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Reservations.com Hidden Booking Fee and Inability to Cancel Class Action

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One day last November, plaintiff Michael Marko called Reservations.com and booked three hotel rooms in Paducah, Kentucky for December 8-10, 2016. According to the complaint, he gave Reservations.com a payment method and they made the reservation, but he never received a confirmation or receipt. He had no idea, he claims, that he had been charged a $14.99 fee for each of the three rooms he’d booked. That was the first problem.

The classes for this action are as follows:

All persons and entities in the US who made a reservation through Reservations.com, either by telephone or online, and who were charged a $14.99 booking fee.

All persons and entities in the US who made a reservation through Reservations.com, either by telephone or online, and who were unable to cancel.

Each class has an Illinois subclass.

Later, Marko needed to make changes, the complaint says, so he called the hotel and attempted to cancel one room, but the hotel said he would have to cancel through Reservations.com.

According to the complaint, the Reservations.com website says, “Be sure to review your cancellation policy prior to cancelling your reservation, which was provided on the hotel page as well as your confirmation e-mail.” But Marko claims to have fulfilled all the requirements noted on the hotel page, he claims he never received a confirmation e-mail, and he was not permitted to cancel his reservation.

Marko does not seem to be the only person who’s been surprised by Reservations.com’s business practices. The complaint claims that Sitejabber has over 500 reviews that average 1.3 stars in ratings, and that Trustpilot’s reviews give the company an average of only one star. The complaint quotes a number of reviews of the company that say things like, “Buyer Beware!!!” and “We booked the room for one night for $94. My credit card was charged over $130.” Others also indicate difficulties with cancelling.

The complaint alleges that the company is guilty of breach of contract and breach of good faith and fair dealing, violations of state laws forbidding unfair and deceptive business practices, unjust enrichment, and conversion.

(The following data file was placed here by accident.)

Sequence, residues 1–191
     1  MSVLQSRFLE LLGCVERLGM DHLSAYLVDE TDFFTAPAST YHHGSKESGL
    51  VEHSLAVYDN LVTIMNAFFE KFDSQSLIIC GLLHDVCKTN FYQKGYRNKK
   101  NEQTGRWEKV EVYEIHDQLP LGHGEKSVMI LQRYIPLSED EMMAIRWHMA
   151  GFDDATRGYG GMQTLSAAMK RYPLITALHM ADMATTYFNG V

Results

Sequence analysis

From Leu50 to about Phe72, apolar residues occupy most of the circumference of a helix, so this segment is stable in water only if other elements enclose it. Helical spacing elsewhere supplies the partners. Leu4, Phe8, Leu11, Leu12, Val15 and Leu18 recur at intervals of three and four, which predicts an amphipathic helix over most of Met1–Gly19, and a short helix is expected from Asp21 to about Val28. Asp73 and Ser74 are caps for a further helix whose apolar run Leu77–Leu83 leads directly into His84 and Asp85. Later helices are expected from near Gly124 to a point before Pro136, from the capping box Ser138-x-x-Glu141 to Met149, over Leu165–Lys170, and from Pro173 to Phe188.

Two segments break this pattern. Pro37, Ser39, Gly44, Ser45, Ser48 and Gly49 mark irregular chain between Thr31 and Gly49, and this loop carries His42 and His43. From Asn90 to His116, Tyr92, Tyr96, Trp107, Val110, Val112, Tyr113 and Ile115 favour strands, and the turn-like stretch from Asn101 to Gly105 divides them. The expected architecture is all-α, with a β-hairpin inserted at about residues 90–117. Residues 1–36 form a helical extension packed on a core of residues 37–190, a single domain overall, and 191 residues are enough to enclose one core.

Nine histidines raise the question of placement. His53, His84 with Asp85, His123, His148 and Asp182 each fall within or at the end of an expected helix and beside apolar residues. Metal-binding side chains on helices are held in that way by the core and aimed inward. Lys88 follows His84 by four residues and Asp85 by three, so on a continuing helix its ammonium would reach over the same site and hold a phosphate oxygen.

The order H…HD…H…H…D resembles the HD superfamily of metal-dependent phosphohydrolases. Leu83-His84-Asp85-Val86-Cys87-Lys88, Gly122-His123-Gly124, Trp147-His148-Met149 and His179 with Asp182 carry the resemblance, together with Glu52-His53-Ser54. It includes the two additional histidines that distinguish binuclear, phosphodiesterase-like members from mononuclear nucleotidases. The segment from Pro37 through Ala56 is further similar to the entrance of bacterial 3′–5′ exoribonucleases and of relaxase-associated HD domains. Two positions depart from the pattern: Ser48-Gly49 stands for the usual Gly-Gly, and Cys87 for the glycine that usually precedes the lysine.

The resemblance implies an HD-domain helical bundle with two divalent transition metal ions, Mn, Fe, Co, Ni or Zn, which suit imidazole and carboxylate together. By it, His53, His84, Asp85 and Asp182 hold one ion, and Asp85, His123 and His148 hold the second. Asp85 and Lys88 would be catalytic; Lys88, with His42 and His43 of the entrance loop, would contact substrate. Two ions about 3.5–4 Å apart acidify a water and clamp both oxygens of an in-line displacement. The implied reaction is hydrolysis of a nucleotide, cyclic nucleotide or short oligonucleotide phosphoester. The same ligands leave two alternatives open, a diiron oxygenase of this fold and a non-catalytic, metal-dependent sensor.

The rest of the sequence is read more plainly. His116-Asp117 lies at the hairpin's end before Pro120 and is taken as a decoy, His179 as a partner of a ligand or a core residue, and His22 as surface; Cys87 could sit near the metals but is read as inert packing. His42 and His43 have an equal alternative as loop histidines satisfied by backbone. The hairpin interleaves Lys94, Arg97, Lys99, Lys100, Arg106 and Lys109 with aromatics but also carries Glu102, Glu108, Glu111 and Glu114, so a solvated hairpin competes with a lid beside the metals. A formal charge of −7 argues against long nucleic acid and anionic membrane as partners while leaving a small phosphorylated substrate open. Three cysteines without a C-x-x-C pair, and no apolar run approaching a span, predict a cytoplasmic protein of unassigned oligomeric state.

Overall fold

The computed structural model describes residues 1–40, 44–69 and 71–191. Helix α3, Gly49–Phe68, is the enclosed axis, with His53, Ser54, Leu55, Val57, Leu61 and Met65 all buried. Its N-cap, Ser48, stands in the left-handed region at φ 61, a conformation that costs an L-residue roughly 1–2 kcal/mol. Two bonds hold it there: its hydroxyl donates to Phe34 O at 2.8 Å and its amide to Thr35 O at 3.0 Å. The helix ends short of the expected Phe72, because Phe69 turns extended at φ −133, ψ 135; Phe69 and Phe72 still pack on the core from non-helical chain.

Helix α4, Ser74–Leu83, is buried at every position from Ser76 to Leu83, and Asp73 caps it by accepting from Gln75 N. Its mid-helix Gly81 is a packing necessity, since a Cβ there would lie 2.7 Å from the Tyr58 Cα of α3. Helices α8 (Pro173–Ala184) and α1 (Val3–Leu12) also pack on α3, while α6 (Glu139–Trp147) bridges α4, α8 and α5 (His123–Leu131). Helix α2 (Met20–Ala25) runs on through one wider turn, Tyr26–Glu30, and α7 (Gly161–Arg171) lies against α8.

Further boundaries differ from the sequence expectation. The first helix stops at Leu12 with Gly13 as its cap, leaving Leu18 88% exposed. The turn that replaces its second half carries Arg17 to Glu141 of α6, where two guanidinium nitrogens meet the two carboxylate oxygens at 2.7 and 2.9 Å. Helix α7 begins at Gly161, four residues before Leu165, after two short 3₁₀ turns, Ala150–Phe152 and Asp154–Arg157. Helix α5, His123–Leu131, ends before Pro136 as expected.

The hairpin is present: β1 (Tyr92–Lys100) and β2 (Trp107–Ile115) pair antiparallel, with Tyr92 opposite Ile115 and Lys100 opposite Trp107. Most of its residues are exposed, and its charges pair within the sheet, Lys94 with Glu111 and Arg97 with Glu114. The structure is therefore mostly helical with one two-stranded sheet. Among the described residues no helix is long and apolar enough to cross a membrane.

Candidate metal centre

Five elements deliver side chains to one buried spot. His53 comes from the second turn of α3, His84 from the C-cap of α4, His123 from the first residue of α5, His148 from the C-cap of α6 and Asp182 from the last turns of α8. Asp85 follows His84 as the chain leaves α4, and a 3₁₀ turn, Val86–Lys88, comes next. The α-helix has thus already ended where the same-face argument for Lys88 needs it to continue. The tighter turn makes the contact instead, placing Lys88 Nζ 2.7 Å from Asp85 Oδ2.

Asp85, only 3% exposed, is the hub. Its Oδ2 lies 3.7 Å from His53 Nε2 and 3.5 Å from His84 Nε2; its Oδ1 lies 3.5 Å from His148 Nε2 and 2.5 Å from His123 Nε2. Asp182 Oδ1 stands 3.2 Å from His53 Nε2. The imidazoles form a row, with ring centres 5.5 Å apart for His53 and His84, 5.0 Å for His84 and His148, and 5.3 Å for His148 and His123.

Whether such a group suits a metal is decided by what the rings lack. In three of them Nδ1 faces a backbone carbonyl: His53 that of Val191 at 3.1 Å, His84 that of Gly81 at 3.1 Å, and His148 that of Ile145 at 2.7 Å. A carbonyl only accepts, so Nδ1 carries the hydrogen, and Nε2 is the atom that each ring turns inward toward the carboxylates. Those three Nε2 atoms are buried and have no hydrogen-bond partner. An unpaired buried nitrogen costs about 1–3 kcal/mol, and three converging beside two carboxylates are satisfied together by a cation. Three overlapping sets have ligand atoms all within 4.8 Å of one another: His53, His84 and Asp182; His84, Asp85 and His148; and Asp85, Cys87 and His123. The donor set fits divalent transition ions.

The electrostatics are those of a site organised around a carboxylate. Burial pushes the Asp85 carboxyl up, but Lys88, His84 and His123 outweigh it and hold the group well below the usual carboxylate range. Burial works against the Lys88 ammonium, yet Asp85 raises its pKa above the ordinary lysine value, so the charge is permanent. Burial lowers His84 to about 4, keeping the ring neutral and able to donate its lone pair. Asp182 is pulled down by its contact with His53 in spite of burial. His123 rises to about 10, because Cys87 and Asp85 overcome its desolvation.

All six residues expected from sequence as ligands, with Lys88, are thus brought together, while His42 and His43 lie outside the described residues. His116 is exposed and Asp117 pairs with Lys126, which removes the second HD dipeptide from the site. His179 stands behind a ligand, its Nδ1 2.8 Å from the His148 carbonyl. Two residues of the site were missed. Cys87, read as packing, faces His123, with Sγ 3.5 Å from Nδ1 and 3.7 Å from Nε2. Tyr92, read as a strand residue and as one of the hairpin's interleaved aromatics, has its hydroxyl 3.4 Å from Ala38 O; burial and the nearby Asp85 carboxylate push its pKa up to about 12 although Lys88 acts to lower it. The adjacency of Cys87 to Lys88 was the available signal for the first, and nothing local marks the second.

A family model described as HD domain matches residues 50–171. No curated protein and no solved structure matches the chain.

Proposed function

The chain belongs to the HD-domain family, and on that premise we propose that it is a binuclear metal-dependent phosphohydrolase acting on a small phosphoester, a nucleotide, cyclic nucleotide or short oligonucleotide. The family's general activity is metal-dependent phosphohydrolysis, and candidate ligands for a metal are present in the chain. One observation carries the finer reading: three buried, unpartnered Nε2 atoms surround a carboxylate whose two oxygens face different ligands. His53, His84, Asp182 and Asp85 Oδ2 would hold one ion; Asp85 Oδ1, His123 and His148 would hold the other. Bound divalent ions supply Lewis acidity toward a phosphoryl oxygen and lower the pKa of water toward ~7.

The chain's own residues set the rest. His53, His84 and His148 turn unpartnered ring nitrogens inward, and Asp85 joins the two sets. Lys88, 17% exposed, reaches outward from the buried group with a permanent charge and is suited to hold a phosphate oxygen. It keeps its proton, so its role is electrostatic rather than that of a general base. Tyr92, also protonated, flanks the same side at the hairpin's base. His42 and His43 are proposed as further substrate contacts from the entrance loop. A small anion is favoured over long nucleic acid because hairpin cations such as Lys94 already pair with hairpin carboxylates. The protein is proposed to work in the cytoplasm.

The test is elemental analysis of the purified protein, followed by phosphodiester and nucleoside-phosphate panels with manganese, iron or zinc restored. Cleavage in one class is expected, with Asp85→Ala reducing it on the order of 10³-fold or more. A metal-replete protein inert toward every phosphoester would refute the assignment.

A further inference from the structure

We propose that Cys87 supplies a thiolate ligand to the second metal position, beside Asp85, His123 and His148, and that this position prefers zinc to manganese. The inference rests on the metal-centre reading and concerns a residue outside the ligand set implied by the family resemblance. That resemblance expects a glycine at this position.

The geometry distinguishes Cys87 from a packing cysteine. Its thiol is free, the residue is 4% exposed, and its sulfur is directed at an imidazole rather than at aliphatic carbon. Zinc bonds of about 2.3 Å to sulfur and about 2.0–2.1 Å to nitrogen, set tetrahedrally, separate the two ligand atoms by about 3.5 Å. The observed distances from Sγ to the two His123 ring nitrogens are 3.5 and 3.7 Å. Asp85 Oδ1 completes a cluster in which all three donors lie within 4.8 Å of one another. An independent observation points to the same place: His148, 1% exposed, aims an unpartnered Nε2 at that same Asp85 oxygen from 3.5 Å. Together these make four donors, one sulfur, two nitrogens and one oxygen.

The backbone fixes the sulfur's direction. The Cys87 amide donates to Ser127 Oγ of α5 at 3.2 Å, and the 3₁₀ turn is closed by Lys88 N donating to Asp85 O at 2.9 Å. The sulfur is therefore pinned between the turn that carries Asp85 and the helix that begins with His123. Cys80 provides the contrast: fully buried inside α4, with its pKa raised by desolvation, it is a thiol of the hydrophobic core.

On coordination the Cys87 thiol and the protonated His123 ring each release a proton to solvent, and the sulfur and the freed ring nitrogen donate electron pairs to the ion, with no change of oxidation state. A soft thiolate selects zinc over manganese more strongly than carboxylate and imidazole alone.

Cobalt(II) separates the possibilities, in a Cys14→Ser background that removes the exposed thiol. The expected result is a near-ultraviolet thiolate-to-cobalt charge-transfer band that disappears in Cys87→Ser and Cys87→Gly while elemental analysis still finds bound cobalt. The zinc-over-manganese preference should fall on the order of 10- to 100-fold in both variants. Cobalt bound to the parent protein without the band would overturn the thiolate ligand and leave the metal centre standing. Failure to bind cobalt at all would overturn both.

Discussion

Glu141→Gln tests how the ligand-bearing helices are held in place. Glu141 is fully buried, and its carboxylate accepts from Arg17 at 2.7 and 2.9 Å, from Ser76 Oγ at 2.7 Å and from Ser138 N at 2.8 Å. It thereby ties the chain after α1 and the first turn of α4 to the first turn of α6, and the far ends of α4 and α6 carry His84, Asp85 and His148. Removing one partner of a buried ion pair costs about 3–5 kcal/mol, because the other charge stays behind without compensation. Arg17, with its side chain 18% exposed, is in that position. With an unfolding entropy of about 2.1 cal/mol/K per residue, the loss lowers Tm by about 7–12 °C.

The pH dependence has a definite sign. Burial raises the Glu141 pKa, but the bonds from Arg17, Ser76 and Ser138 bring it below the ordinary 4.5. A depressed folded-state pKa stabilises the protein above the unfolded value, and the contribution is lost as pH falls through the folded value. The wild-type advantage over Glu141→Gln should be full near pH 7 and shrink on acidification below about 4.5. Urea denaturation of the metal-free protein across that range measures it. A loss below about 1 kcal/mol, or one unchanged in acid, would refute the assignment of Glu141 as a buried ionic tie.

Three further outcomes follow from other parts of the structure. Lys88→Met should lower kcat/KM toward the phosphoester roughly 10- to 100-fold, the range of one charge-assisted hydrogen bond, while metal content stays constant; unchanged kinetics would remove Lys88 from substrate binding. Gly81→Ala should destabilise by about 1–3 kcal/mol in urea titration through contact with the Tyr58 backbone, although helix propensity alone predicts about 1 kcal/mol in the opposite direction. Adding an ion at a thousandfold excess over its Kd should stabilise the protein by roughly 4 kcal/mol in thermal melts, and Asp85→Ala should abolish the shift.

One day last November, plaintiff Michael Marko called Reservations.com and booked three hotel rooms in Paducah, Kentucky for December 8-10, 2016. According to the complaint, he gave Reservations.com a payment method and they made the reservation, but he never received a confirmation or receipt. He had no idea, he claims, that he had been charged a $14.99 fee for each of the three rooms he’d booked. That was the first problem.

The classes for this action are as follows:

  • All persons and entities in the US who made a reservation through Reservations.com, either by telephone or online, and who were charged a $14.99 booking fee.
  • All persons and entities in the US who made a reservation through Reservations.com, either by telephone or online, and who were unable to cancel.

Each class has an Illinois subclass.

Later, Marko needed to make changes, the complaint says, so he called the hotel and attempted to cancel one room, but the hotel said he would have to cancel through Reservations.com.

According to the complaint, the Reservations.com website says, “Be sure to review your cancellation policy prior to cancelling your reservation, which was provided on the hotel page as well as your confirmation e-mail.” But Marko claims to have fulfilled all the requirements noted on the hotel page, he claims he never received a confirmation e-mail, and he was not permitted to cancel his reservation.

Marko does not seem to be the only person who’s been surprised by Reservations.com’s business practices. The complaint claims that Sitejabber has over 500 reviews that average 1.3 stars in ratings, and that Trustpilot’s reviews give the company an average of only one star. The complaint quotes a number of reviews of the company that say things like, “Buyer Beware!!!” and “We booked the room for one night for $94. My credit card was charged over $130.” Others also indicate difficulties with cancelling.

The complaint alleges that the company is guilty of breach of contract and breach of good faith and fair dealing, violations of state laws forbidding unfair and deceptive business practices, unjust enrichment, and conversion. 

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